MERS Fraud Impact On CMBS: Up To $280 Billion Per Barclays

Tyler Durden's picture

Two weeks ago we first touched upon a key tangential topic of the whole mortgage mess, namely the implication of what potential MERS fraud means for Commercial Mortgage Backed Securities. Well, the topic which has so far avoided broad media attention to the benefit of all CMBS holders may be about to go mainstream. As part of our initial inquiry, we asked: "If residential mortgage foreclosures are being halted and if the very fabric of the MBS securitization architecture is put into question, when will someone ask whether MERS® Commercial allowed such pervasive title fraud as is now apparently ubiquitous in the residential space, to take the CMBS space by storm, and how many billions in dollars will Banc of America Securities, Bear Stearns (d/b/a JP Morgan), GE Capital Real Estate, GMAC Commercial, John Hancock and Wells Fargo be forced to buy back loans that were fraudulently certified." Our question is now being reiterated by Barclays Capital. Next up Bloomberg, Ratigan, and everyone else.

In a note released to clients yesterday, Barclays' Julia Tcherkassova notes that finally MERS foreclosure issues may be spreading to commercial real estate, after "recent lawsuits have raised questions about the legal standing of MERS as a foreclosing entity and an electronic record keeper." And even though Julia attempts to mitigate the full risk of CMBS putbacks and other forms of deal unwinds by stating that foreclosures in the space are still relatively modest (to which one can answer quite simply by asking what the 30, 60 and 90-day delinquency rate is... spoiler alert: record), even she is forced to acknowledge that by looking at the numbers, the upside risk potential is for as much as $280 billion of conduit deals: "we conducted a quick search through the PSAs and pro-sups of deals securitized between 2004 and 2008 and estimated that about $280bn worth of conduit deals have some MERS language in them." A second approach which involves tracking not shelf names but the originator's original exposure to MERS yields a lower downside estimate of about $82 billion. The bottom line is that nobody really knows, and because the MERS Commercial database is not open for public use, and only "broad-based estimates within the CMBS universe could be drawn" it is safe to say that nobody really knows how many deals in the critical 2004-2008 vintages were exposed to the MERS "virus." The final answer: a lot.

And while we will present the BarCap note below as a primer for all other journalists who are way overdue in finally following on this issue which will impact nearly $3 trillion in securitized loans, a far more interesting disclosure is the fact that as Barclays discloses, MERS involvement was in fact presented as a boilerplate risk factor to CMBS transactions. As a result, any additional adverse findings on MERS immediately open up the banks to massive rep and warranty lawsuits, and make the MERS issue orders of magnitude more problematic for the banks to deal with than simple putback issues at the servicer level.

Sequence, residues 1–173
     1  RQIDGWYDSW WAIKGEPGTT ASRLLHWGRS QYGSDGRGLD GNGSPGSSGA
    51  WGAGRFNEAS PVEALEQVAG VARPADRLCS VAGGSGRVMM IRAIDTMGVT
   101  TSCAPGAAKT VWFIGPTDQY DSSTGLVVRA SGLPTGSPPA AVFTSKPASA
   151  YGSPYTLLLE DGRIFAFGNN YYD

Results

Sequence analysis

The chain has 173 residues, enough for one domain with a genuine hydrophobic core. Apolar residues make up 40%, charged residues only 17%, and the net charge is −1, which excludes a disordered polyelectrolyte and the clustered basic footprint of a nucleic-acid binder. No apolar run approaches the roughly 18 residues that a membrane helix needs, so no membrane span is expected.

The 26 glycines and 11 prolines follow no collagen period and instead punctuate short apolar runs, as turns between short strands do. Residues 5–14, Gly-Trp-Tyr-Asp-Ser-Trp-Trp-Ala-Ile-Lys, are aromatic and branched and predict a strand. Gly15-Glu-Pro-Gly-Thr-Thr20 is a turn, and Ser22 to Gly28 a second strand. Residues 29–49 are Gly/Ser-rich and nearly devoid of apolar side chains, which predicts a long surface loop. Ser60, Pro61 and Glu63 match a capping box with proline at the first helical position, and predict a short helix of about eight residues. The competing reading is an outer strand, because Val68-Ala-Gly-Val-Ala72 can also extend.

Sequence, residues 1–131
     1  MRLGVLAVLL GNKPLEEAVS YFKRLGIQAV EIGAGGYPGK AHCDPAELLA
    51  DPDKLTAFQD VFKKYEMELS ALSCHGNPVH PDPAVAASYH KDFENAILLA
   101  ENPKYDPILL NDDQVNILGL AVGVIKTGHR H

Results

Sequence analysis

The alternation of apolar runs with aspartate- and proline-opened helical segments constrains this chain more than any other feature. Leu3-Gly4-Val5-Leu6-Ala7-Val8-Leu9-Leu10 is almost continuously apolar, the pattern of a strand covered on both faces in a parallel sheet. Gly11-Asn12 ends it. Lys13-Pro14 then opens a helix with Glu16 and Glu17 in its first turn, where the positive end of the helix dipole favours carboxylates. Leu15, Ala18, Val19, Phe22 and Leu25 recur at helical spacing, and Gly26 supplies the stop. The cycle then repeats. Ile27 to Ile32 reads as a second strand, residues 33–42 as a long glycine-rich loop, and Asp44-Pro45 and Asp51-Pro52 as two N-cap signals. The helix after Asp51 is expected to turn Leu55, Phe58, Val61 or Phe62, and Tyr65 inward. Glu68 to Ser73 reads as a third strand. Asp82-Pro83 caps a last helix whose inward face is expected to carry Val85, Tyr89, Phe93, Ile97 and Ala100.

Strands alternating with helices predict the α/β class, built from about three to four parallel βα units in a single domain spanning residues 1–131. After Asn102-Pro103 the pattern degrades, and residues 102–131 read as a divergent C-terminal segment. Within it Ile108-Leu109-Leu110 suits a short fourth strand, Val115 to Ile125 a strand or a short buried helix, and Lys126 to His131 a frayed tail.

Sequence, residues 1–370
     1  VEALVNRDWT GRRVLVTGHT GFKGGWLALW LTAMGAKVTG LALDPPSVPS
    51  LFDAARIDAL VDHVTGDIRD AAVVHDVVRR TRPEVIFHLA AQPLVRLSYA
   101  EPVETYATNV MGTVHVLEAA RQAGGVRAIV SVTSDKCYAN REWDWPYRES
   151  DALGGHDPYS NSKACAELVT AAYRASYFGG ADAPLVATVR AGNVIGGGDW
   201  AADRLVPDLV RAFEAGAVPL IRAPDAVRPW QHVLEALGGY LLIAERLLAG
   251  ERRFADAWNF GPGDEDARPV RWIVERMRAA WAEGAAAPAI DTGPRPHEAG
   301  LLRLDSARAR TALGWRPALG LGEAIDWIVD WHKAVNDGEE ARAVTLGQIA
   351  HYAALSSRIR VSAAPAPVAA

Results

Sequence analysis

To wit:

Some deal documents do contain a standard risk disclaimer listed under: "The Recording of the Mortgages in the Name of MERS May Affect the Yield on Your Certificates," specifically:

"The recording of mortgages in the name of MERS is a new practice in the commercial mortgage lending industry. Public recording officers and others may have limited, if any, experience with lenders seeking to foreclose mortgages, assignments of which are registered with MERS. Accordingly, delays and additional costs in commencing, prosecuting and completing foreclosure proceedings and conducting foreclosure sales of the mortgaged properties could result. Those delays and the additional costs could in turn delay the distribution of liquidation proceeds to certificate-holders and increase the amount of losses on the loans."

The banks were perfectly aware that MERS could be a major stumbling block in deal underwriting and put it up front and center as a key risk factor. And since the investor did sign off on this risk, the question really becomes who is more liable: the underwriter or the investor? Is this the smoking gun loophole that banks will huddle around and pull the Goldman excuse that it was really the "sophisticated investor's" duty to perform their own due diligence, with the risk factor out there front and center?

However, just as there is no transparency with regard to MERS commercial, so there appears to be no real disclosure when it comes to servicer opinion on loan doc transfers.

With even Barclays admitting there is risk to near-term prices, (and there certainly is major risk to long-term prices, however it is no bank's interest to admit this: just note the variance in the RMBS putback estimate range, which is from $30 billion to over $100 billion), one wonders: just what are all the investors in assorted tranches of CMBX deals thinking (NA 4 below shown indicatively). If indeed RMBS is about to be unwound due to prevalent MERS fraud, what does this means for CMBS, and for the billions of REITs who have levered up to infinity in full expectation that the Fed will bail them out due to the imminent lack of cash flow coming from tenants? After today's various letters do these same REITs still believe that the Fed will keep pumping money in perpetuity to bail out a few worthless asset managers? And what happens when the MERS fraud in CMBS is attacked in full by the plaintiff bar? We can't wait to see the results.